What Does A1c Measure
You may be wondering what makes this test different, especially if you already check your blood sugar multiple times a day. The A1C test goes by a few names, including glycosylated hemoglobin, glycated hemoglobin, or hemoglobin A1C . All of these names hint at what is being measured the amount of sugar attached to hemoglobin.
Hemoglobin is a protein found inside red blood cells, and its job is to carry oxygen to the lungs and all of the cells in your body. Glucose enters your blood stream and sticks, or glycates, with the hemoglobin. The higher your blood glucose, the more sugar-coated or glycated the hemoglobin becomes.
Since the lifecycle of a red blood cell is about four months, the A1C percentage reflects average blood sugar levels detected on hemoglobin cells of varying ages days, weeks, or months old. If your blood glucose control has generally been steady, your hemoglobin cells will not be highly sugar-coated, or glycated, leading to a lower A1C value.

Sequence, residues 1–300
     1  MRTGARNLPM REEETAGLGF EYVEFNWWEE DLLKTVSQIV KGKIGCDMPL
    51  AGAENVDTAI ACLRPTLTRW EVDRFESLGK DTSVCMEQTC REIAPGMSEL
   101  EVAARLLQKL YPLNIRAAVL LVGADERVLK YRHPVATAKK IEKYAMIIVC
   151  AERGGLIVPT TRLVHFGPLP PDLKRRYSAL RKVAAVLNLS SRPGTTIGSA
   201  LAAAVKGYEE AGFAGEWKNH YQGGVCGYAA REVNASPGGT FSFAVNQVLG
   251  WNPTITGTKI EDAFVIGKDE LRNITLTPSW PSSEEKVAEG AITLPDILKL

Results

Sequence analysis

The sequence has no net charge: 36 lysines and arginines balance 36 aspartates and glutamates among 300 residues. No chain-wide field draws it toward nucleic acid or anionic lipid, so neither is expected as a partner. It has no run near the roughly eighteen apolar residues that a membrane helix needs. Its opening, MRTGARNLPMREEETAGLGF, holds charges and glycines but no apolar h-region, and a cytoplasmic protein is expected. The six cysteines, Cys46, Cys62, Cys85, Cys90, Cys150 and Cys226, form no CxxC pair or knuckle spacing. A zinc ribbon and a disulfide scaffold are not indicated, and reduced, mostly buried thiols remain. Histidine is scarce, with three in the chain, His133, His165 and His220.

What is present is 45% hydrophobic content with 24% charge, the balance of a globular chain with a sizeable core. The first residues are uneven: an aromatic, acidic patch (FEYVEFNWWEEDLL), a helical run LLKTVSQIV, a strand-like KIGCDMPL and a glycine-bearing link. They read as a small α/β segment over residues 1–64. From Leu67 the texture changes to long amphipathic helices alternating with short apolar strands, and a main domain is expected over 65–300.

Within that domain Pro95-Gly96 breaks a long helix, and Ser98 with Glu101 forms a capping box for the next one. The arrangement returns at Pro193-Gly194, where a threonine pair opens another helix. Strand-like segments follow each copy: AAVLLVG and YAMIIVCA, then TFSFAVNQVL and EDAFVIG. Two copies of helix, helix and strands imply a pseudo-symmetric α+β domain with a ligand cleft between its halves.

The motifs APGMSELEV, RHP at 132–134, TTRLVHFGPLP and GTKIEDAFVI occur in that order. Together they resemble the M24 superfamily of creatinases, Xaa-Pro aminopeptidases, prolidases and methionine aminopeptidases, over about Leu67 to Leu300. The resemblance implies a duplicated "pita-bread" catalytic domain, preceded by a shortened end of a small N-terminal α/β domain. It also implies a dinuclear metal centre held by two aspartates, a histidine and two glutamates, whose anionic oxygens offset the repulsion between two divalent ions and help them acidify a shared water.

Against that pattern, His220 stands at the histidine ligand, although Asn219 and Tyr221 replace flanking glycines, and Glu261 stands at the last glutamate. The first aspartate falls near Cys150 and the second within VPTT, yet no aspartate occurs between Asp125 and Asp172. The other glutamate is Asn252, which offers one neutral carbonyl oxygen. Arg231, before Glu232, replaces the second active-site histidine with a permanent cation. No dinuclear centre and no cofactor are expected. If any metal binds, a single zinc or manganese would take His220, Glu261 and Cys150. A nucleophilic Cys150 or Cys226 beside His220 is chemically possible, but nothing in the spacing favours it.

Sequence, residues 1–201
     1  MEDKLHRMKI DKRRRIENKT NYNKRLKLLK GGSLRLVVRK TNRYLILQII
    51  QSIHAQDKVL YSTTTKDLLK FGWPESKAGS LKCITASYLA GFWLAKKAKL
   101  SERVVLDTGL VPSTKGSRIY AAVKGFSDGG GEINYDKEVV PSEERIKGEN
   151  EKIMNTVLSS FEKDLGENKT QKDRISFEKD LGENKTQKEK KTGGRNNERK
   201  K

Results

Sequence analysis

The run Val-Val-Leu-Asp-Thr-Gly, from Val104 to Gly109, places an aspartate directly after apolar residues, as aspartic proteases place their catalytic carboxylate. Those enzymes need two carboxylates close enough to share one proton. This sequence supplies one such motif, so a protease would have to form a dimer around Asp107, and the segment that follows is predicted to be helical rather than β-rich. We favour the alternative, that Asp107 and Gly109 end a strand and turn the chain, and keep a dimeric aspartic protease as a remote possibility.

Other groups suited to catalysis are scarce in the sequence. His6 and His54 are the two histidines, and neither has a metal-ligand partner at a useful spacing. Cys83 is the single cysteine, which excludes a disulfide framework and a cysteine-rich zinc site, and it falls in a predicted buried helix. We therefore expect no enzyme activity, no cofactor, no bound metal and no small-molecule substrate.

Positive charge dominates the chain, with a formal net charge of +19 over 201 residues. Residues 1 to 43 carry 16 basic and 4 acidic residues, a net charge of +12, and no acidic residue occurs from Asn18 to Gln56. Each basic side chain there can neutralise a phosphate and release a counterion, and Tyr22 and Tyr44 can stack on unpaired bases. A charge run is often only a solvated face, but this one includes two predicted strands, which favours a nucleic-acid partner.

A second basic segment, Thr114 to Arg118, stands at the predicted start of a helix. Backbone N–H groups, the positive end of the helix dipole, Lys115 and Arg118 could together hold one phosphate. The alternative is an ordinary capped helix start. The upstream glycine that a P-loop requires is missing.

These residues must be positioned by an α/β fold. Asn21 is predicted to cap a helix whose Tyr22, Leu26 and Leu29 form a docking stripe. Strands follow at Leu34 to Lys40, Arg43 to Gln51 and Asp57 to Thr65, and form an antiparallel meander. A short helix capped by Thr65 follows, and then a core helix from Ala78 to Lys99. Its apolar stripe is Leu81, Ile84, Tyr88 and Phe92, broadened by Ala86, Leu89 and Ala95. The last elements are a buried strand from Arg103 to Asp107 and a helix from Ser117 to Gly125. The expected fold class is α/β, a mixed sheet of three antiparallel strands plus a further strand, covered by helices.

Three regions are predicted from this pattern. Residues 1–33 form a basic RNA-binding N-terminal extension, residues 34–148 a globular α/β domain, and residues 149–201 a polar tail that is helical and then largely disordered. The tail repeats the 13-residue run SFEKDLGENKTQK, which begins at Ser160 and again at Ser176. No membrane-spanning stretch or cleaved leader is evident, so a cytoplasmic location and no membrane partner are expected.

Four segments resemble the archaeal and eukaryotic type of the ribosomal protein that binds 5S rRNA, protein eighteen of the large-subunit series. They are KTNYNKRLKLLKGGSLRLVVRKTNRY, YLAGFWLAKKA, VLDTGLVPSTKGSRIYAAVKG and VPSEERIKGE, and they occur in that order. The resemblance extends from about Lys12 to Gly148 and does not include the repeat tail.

What Are Some Top Tips For Lowering A1c
Your A1C score is a helpful tool, Dodell says, but it is not the only indicator of how healthy you are.
For example, you could hit your A1C goal but still have wide fluctuations in your blood sugar levels, which is more common among people who take insulin. Youll need to bring these day-to-day fluctuations under control, since they can lower your quality of life and increase your risk of complications, he says.
Think of your diabetes as you would a job, Dodell says. It takes work, but the time and effort you put into it can result in good control and an improved quality of life. The key to reaching your A1C goal is trying to follow a healthy lifestyle, he says.
Making these changes can help you improve your day-to-day blood sugar management and lower your A1C.
Target Blood Sugar Levels For Children And Adolescents With Diabetes
Age 6-12 Bedtime 100-180